“There’s no gas, so you have to go everywhere on foot,” she said, recalling her weeks back in Maracaibo last August. “I said to myself, ‘you can’t live here. At least in Barranquilla, I’ll be able to feed us.’”

And so, in September, Rosalba returned to Barranquilla, and to her former job as a home caregiver, by herself. She spent two days sleeping in a bus station in a border town before she was able to get in touch with her employer, who sent her the money for a bus ticket back to Barranquilla. She is now working off the advance even as she scrapes together remittances to send to her family back in Maracaibo.

Still, Rosalba is among the lucky ones. Many of the Venezuelans who have made the draining back-and-forth journey arrive in their host countries with little more than the clothes on their backs, even as they now face even slimmer prospects due to the often-devastating impact the pandemic has had on the communities that had welcomed Venezuelans refugees and migrants in years past.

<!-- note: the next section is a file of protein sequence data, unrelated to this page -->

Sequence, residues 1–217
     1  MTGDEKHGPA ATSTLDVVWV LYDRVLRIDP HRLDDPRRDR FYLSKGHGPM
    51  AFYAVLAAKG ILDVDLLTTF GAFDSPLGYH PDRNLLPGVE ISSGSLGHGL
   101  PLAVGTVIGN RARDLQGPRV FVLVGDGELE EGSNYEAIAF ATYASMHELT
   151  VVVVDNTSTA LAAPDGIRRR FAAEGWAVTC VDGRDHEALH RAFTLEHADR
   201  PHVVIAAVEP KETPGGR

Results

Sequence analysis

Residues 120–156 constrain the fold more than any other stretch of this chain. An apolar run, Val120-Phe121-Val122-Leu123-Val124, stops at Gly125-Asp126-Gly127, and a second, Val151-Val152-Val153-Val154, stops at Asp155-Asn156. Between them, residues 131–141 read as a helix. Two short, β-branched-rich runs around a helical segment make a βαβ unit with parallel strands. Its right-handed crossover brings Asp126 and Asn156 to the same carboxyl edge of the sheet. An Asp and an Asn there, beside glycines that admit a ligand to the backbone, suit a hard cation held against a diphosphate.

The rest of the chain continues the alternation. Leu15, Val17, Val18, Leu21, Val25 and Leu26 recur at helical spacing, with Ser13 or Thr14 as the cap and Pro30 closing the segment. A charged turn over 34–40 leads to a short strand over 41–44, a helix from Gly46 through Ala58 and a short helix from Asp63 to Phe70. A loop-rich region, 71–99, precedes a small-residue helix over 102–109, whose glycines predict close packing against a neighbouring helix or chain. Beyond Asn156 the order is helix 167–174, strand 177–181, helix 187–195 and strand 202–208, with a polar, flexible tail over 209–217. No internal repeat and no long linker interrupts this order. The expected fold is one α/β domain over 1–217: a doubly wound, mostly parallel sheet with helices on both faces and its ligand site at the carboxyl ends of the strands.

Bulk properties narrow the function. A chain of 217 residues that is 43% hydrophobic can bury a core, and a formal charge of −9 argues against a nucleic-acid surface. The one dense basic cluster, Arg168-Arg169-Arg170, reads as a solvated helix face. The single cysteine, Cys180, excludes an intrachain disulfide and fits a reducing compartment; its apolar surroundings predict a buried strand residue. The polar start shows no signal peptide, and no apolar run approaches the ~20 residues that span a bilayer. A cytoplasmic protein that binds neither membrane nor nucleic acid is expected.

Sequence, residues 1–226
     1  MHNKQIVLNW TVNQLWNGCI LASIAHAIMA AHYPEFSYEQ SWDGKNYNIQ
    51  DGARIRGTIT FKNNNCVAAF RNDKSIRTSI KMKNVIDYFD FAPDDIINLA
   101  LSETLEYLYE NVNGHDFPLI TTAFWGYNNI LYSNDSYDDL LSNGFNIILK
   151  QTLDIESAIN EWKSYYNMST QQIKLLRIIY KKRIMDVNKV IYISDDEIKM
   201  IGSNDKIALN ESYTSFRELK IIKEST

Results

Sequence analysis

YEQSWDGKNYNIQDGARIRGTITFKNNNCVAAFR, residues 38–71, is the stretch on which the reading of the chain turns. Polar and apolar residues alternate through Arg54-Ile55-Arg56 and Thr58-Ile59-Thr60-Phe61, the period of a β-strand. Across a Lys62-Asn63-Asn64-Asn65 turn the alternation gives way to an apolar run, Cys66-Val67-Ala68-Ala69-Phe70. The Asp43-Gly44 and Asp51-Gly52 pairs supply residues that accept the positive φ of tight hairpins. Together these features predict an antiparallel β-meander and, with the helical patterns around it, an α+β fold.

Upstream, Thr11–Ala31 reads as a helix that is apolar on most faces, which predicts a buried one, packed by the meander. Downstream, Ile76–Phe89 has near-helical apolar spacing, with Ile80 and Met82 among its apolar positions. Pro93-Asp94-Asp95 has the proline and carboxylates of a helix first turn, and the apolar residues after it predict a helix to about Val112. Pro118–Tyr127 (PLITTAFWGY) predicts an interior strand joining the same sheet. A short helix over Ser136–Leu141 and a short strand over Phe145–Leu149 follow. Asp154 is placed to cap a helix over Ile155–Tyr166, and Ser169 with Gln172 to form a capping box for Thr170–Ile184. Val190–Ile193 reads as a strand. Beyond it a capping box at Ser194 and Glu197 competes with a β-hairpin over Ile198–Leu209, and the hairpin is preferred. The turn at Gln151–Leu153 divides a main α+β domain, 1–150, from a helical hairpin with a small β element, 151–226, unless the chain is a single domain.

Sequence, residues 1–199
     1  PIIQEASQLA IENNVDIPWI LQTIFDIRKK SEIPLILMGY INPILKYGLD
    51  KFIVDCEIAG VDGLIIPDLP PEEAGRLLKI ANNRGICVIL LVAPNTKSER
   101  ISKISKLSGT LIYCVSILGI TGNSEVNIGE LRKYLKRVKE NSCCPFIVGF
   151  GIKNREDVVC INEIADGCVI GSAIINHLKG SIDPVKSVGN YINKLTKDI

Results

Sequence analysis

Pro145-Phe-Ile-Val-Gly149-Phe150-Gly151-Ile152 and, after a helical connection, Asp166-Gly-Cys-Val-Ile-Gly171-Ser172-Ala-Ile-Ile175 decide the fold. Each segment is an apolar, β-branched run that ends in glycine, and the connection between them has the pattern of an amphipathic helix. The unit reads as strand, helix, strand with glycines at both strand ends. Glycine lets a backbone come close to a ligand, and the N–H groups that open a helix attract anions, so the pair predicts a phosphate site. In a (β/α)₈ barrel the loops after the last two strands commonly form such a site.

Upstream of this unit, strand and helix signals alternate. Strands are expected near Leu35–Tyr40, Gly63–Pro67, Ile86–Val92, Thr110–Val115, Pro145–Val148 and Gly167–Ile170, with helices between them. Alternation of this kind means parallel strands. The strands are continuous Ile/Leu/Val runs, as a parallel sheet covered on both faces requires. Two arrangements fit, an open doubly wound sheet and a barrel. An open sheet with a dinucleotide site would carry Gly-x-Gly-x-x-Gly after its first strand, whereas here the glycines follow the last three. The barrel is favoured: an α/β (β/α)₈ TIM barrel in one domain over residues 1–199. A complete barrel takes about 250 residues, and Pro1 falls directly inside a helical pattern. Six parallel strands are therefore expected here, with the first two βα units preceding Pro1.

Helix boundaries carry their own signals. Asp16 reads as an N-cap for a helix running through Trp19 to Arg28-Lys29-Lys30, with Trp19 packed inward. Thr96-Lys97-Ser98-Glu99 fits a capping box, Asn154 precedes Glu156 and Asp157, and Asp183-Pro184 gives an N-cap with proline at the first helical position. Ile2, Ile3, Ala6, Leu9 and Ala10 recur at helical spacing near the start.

READ  Economic shocks of COVID-19 disproportionately affects displaced Venezuelans in Peru, new research finds

In response, UNHCR, the UN Refugee Agency, is already stepping up its presence in border regions, providing emergency shelters and expanding health and psychosocial support services and cash transfer programmes. This week, 158 humanitarian organizations launched a US$1.44 billion plan to respond to the growing needs both of Venezuelan refugees and migrants in Latin America and the Caribbean, as well as to the needs of the communities hosting them.

Asked about her state of mind in the wake of the jarring back-and-forth journey to safety, Rosalba said she has very mixed feelings.

“On the one hand, I’m happy to be in Colombia and to be able to provide for my family,” she said, adding that “on the other hand, it’s just so wrenching to be apart.”

*Name has been changed for protection reasons.

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Netherlands, IOM launch Global Migration Initiative to protect people on the move

COMPASS will provide vulnerable migrants including victims of trafficking and unaccompanied or separated children access to a broad range of protection and assistance services.